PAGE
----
The power went off just prior to my procedure. Entire staff including Administrator & Dr. Shaia kept me informed of status. Fortunately I was able to get the procedure done. Post-op was very efficient. Anonymous Jun 2015
We love Dr. Shaia. He is great and always willing to help and answers all our questions so we can understand! I have recommended friends to him. Anna Grace O. Jan 2015
Dr. Wayne Shaia is wonderful; his staff could not have been more caring and experienced. Thelma N. Jul 2014
Dr. Wayne Shaia was great. Pre & post op RN's were great. Allowed mom to sit with 20 yr old before tonsillectomy. Anesthesiologist was great!Could not have been a better experience. Beth C. Jun 2014
Dr. Wayne Shaia was great. Pre & post op RN’s were great. Allowed mom to sit with 20 yr old before tonsillectomy. Anesthesiologist was great! Couldn't have been a better experience. Rachel W. Jun 2014
2019 MEDARVA Patient Choice Award
2020 MEDARVA Patient Choice Award
The Balance and Ear Center, Inc.
10200 Three Chopt Road
Phone: (804) 288-3277 (EARS)
Fax: (804) 282-1043
Treatments for vertigo
Dr. Shaia examines the condition of Vertigo, its symptoms and how to treat it.
Julie: What are some of the treatments for vertigo?
Dr. Shaia: Well, once we have diagnosed the cause of vertigo, then we can start treating it. So, for someone with Ménière’s disease, which is a type of vertigo where you have low frequency hearing loss, ringing in the ear, and dizzy spells that last several hours, we start with the medical management. We might start off with a mild fluid pill and a low salt diet and if that does not take care of the vertigo then we move into other surgical options for it.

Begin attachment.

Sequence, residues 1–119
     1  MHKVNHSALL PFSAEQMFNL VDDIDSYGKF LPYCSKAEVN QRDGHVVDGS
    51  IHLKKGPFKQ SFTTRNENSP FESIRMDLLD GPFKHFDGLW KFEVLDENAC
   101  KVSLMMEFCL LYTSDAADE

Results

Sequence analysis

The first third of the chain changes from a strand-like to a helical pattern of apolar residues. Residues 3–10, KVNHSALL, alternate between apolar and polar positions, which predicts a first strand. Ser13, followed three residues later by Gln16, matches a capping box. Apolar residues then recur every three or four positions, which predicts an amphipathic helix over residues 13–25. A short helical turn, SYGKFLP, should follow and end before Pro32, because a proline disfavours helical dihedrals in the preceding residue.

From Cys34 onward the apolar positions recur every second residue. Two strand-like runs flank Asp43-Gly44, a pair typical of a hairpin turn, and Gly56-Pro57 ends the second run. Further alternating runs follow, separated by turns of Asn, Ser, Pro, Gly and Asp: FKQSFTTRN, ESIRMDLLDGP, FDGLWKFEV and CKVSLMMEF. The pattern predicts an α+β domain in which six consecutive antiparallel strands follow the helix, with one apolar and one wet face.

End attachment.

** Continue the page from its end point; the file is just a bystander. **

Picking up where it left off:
Julie: You mentioned hearing loss. What are some of the things you do to treat hearing loss?
Dr. Shaia: Well, first when someone comes to us for hearing loss, we have to diagnose whether it is nerve damage, or whether or not they have a surgical correctible form of hearing loss. Oftentimes the bones that convey the hearing in the middle ear become fixed, and a simple operation can remove those bones, put in a prosthetic ear bone, and the hearing can come back to a near normal level. Most people, though, do have nerve damage, and the technology of hearing aids has become so advanced now, there are several different options that can help them with their hearing loss.
Julie: That has got to be gratifying for you when you restore that hearing to someone. I can only imagine what that is like, when somebody gets that back.
Dr. Shaia: Correct. Hearing restoration is the goal, and with the new technology we have moved into other forms of hearing loss—uh, excuse me.
Julie: That’s all right.
Dr. Shaia: Hearing restoration is the goal, and it used to be that when people or children were born deaf, that they didn’t really have any other options other than the traditional sign language schools, and alternate forms of education. Fortunately now if the child is born deaf and we recognize it early we can implant something called the cochlear implant into their inner ear, and they can go to mainstream kindergarten with your child and my child, so we have really come a long way in the last 20 or 30 years with hearing loss.